Tag Archives: driving

30th La Carrera Panamericana

The 30th run of La Carrera Panamericana starts on Friday the 13th. It’s a 7-day, 3000 km, high speed, stage rally in vintage cars. The race runs between Queretero and Durango, over some challenging backroads.

There are some interesting cars running the race as usual: Several Porsches, quite a few Studebakers, Mustangs, a couple of Beetles and at least one Chevy Bel Air, to name a few.


Your father’s Suburban


1948 DeSoto Suburban

DeSoto built the long wheel based Suburban from 1946 through 1954.

This particular Suburban was purchased new in Connecticut and used by the Mount Washington Hotel of Bretton Woods, NH.

The car had several variations over it’s nine year run. I do like the suicide doors.

Complete with third row seating.

This particular DeSoto is powered by a 236ci Flathead straight six, coupled to DeSoto’s Tip-Toe Shift, which was their version of the semi-automatic transmission.


Autumn Road


Moose Season in Alaska

I’ve seen this guy a few times over the past week, and got a kick out of his determination. It’s hard to see due to the trees, but he has a rifle slung over his back. I have no doubt he can get back a ways on the logging roads riding a dirt bike, but that’s a lot of trips if he bags a bull moose.


Seward, Alaska

The official motto of Seward: Alaska Starts Here


Seward Marina

I was finally able to escape for a few days and get some fishing in, so some friends and I headed south to Seward to chase some cohos. The silver run was winding down, but we still hit some pockets, and had a great day out on the water.


Resurrection Bay

Seward’s population is just over 2500, but it swells during the summer with people coming to fish or just see the sights. As many as 40,000 come into the tiny port town for the July 4th festivities, which include the running of Mount Marathon.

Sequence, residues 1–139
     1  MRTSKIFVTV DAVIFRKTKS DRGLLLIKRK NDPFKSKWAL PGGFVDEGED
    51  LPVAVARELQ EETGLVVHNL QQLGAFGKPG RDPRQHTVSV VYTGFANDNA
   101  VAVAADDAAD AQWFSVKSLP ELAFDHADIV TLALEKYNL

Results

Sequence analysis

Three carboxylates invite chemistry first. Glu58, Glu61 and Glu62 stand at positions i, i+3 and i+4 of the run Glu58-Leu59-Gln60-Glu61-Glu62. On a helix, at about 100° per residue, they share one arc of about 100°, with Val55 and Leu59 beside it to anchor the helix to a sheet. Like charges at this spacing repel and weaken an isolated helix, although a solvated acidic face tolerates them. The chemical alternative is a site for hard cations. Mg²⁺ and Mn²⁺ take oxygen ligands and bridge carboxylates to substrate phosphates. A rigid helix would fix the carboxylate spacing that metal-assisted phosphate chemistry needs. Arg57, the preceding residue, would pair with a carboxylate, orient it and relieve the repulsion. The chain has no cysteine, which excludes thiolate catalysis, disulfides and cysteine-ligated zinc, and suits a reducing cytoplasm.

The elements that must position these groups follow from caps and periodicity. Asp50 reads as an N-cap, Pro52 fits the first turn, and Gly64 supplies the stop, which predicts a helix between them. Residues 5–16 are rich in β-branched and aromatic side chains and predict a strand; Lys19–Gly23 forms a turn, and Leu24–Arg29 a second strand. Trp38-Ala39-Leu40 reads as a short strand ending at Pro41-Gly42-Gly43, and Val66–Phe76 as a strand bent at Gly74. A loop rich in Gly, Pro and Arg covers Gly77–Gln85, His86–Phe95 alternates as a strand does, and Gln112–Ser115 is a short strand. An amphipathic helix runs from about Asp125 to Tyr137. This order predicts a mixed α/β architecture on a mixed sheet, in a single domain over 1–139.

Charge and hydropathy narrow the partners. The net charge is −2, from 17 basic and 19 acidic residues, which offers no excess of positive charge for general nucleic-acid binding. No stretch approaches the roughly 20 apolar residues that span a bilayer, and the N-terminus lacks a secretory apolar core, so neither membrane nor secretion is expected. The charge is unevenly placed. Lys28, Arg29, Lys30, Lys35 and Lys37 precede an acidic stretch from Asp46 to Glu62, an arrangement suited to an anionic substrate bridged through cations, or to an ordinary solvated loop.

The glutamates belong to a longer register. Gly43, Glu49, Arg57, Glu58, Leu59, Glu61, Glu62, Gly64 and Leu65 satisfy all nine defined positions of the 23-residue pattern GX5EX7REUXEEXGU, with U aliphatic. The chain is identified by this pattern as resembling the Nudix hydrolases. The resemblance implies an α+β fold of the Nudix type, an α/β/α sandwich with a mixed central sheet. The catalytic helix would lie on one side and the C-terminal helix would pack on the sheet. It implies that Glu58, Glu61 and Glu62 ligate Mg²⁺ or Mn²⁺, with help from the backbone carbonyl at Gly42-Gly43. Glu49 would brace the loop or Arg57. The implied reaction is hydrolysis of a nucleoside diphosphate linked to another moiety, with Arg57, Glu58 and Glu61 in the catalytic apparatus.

In 1793, Alexander Baranov started a fur trading post at Resurrection Bay, where the city now stands. Seward is Mile 0 for the historic Iditarod Trail. In 1964, the city was virtually destroyed by the Good Friday Earthquake, which struck Alaska. Much of the damage was caused by the tsunami that hit immediately after the shaker.


The Catch

As recently as 2011, Seward was the ninth most profitable fishing port in the U.S. We did all right for a late run. Most of the salmon we caught were silvers, but we hooked into a few pinks as well. In an unfortunate turn, one member of the boat caught a puffin. The first time I had seen that happen. The puffin was deep, probably after some of the chum in the water, and I think everyone was surprised to see feathers break the surface of the water, and not scales, when the puffin was reeled in. We brought the bird on board, and I held the colorful diver, while the boat’s captain removed the hook from its wing. Once released, the puffin flew off with no signs of distress.

After a day of fishing, we hit Thorn’s Showcase Lounge. I apologize to Thorn’s: the first time I saw the building, I immediately thought it was a strip club, and not wholly due to the sign out front that reads: “Bucket of Butts”. Thorn’s does serve up the best halibut in Seward, and they have an extensive collection of old liquor bottles in all shapes and sizes.


Thorn’s: Where it’s 1968 all day, every day.


57th Knoxville Nationals


Donny Schatz in victory lane. Photo credit: Paul Arch/Oskaloosa News

Donny Schatz won his 10th Knoxville Nationals title on Saturday. That makes ten victories in the past twelve years, and the eighth driving Tony Stewart Racing #15.

Kyle Larson, who made a strong move at the end, came up short in the third turn on the final lap, to take second.


Kyle Larson


Forgotten Willys

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